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Covid in India: Goan ministers play blame game over deaths due to oxygen shortage

Joydeep Sen Gupta/New Delhi
Filed on May 12, 2021
Goan Chief Minister Pramod Sawant visits Covid-19 wards in Goa Medical College and Hospital on Tuesday. — ANI

26 Covid-19 patients died in a state-run hospital as residents lament the state’s inadequate healthcare system

The coastal Indian state of Goa, known for its pristine beaches, sunshine, and a lush green landscape, has hit the headlines after 26 Covid-19 patients died on the intervening night of Monday and Tuesday (May 10 and 11) between 2am and 6am due to an acute lack of oxygen.

Conrad Barreto, who runs a football event management company and a volunteer helping out the civil society to overcome tiny Goa’s monumental Covid-19 challenge, put the tragedy in perspective.

“The disaster was waiting to happen. Goa Medical College & Hospital (GMC&H) at Bambolim has been overwhelmed by the deadly contagion in the second and the latest phase. The state’s inadequate health care infrastructure and the laxity in manning its borders with neighbouring Maharashtra and Karnataka — both hotspots of the viral outbreak — were a recipe for disaster that struck in the run-up to the Easter holidays. Calangute beach in north Goa on New Year’s Day was a great advertisement for cocking a snook at the contagion, as over 10,000 revellers had gathered for a good time that has now come back to hit us hard,” an exasperated Barretto told Khaleej Times over the phone from Panaji, the capital of Goa.

Barretto squarely blamed the Pramod Sawant-led government for the Covid-19 mismanagement in the state, as the positivity rate of 37 per cent is alarmingly high in light of its relatively small population of less than two million.

Amid the unfolding human tragedy, the Sawant administration appears to be speaking with a forked tongue.

Though Goa Chief Minister Sawant claimed that there was no ‘shortage’ of oxygen, rather an acute manpower crunch to change cylinders after they were depleted, his minister for health & family welfare Vishwajit Rane refused to buy into the ‘mismanagement’ excuse.

Rane exposed CM Sawant and claimed that he was misled as a severe crunch of liquid medical oxygen —the lifeline for Covid-19 patients in India’s “Variant of Concern” — is genuine and cannot be wished away.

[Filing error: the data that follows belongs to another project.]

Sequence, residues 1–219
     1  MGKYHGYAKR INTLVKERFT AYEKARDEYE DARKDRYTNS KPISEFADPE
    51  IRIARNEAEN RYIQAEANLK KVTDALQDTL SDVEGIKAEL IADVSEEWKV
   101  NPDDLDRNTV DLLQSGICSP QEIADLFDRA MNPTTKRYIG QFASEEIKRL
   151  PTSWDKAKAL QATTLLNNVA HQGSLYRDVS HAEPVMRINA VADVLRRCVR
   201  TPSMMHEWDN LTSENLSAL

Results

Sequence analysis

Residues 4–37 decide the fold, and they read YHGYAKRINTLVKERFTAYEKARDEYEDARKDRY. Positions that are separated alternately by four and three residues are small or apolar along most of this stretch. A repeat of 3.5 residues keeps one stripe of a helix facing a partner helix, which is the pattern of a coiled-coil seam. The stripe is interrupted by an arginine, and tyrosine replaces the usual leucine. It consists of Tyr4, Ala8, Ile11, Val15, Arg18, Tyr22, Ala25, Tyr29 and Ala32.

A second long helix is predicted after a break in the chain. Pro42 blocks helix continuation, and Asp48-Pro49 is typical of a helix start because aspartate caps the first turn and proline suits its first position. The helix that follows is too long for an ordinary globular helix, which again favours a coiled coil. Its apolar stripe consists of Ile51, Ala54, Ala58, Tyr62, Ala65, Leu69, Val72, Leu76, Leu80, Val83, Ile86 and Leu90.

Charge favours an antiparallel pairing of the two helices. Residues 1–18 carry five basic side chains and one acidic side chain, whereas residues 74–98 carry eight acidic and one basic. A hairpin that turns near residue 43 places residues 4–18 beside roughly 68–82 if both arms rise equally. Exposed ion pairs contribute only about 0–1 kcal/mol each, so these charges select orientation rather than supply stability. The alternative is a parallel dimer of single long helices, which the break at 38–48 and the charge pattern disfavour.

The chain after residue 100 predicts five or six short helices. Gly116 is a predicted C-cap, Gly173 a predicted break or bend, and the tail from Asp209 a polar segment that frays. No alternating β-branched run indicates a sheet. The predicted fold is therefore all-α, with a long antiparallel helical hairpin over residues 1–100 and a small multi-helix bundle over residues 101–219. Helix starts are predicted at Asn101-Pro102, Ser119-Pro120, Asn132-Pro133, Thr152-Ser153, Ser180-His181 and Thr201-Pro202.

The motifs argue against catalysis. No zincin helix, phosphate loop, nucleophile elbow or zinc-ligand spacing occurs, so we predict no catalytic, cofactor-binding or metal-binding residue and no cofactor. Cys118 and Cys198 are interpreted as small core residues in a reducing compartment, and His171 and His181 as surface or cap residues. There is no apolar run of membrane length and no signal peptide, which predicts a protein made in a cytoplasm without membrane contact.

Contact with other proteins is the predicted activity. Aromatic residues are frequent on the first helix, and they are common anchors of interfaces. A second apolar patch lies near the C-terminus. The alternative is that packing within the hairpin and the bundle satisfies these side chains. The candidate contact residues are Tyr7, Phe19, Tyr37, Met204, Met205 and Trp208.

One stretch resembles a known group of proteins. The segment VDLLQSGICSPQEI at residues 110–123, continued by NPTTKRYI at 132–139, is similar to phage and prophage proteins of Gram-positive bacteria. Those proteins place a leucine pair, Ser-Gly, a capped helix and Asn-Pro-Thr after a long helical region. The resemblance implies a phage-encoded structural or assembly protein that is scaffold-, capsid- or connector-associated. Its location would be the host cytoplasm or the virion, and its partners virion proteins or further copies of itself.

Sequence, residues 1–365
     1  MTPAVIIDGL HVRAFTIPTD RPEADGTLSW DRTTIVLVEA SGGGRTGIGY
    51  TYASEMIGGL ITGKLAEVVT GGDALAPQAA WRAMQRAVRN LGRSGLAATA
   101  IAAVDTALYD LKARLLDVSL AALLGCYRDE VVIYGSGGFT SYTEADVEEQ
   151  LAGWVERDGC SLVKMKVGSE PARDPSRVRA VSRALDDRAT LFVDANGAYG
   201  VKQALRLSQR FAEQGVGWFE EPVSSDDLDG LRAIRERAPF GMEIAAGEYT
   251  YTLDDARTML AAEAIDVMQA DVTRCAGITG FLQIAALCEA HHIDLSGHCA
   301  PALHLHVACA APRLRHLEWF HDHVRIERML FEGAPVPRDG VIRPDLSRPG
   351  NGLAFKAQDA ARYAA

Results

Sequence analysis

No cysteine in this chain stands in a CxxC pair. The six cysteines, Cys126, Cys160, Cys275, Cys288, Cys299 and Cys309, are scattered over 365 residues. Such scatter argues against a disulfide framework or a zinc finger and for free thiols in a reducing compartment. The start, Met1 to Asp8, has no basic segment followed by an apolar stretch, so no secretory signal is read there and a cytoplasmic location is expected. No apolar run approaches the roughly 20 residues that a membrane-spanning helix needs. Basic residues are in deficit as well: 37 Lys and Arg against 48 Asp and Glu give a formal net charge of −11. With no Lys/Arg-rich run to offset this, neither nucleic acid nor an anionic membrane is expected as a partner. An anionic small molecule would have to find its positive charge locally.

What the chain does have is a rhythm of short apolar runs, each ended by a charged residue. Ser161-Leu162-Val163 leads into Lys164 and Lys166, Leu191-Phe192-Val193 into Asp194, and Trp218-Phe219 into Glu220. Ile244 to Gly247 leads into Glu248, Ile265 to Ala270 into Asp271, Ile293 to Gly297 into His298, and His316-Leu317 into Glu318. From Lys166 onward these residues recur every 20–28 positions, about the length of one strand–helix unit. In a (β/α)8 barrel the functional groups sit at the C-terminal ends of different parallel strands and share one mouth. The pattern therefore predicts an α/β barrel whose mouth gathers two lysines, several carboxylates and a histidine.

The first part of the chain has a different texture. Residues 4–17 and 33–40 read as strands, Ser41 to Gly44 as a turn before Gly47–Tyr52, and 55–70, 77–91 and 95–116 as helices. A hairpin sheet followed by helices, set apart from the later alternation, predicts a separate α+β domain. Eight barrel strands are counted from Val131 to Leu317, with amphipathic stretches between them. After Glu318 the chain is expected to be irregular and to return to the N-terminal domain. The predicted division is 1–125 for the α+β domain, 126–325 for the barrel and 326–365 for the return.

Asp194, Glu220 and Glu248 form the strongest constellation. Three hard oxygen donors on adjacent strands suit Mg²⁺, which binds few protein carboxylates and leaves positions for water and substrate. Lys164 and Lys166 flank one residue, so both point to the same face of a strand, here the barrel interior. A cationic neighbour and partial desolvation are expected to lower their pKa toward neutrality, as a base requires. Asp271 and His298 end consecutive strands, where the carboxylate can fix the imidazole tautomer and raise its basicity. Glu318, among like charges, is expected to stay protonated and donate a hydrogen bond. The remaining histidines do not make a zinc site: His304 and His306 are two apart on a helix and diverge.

The Goa Bench of Bombay High Court (HC) appeared to back Rane on Wednesday and rapped the state government and its authorities.

The HC cited that Covid-19 patients' deaths due to lack of oxygen are a gross infringement of the Right of Life under Article 21 of the Indian Constitution.

The court has ordered that all efforts must be made to ensure the needs of the state are met at the earliest.

Ground realities corroborated the tragic tale.

The GMC&H, which has 10 Covid-19 wards with 28 beds each, has over 1,000 patients and an overwhelming majority are lying on the corridors of the state-run healthcare facility unattended and discarded by overburdened and inadequate personnel battling the viral scourge.

Rane weighed in on the emergency situation. “GMC&H is overburdened. The consumption of oxygen is unprecedented and we’re facing a massive shortage. For instance, on Tuesday, we needed 1,200 oxygen cylinders, but managed to get only 400. It’s a shortage and not logistics that accentuated the crisis,” he added.

Goans like information technology (IT) professional Ashley Delaney, whose father-in-law has been struck by Covid-19 and is undergoing treatment at GMC&H, has questioned the Sawant government’s move to give a 10-year contract to the only oxygen-manufacturing plant in the state, Scoop Industries. He insinuated at ‘vested interests’ that could be at the heart of the ‘sweetheart deal’.

Delaney, whose father-in-law, Joseph Alvares, 69, has been on ventilator support at the facility, spoke out about the sorry state of affairs. “The oxygen crisis has been acute since Goa started reporting an explosion of daily Covid-19 cases since the middle of April. My father-in-law contracted SARS-CoV-2, which causes Covid-19, on April 21. It’s taking inordinately long to get the test results and, at times, even over a week,” said Delaney, who also doubles up as a Red Cross volunteer in his spare time.

Ralina D’ Souza, a Kuwait City-based assistant manager, human resources, too, echoed Delaney.

D’Souza’s father-in-law, Albino D’Souza, 66, also contracted the viral infection on April 21, but the test result came after a good one week.

“He failed to find a bed at GMC&H and spent five days on the floor in the facility and suffered a paralytic stroke two days later and died shortly after that,” D’Souza told Khaleej Times from Kuwait City over the phone.

Or, take the case of another Goa resident, Tina Cordeiro, who lost her sister, 49, and is too grief-stricken to narrate the tragedy at length.

Goa recorded 75 deaths of Covid-19 patients, including 48 at GMC&H alone, on Tuesday, the highest single-day toll since the onset of the pandemic last year.

The state also recorded 3,124 new infections on the same day.

Goa, which was largely insulated from the viral outbreak in the first wave till Mangor Hill in rural Vasco report in June-July, 2020, has come full circle and jumped on India’s contagion bandwagon, and with no immediate respite in sight.

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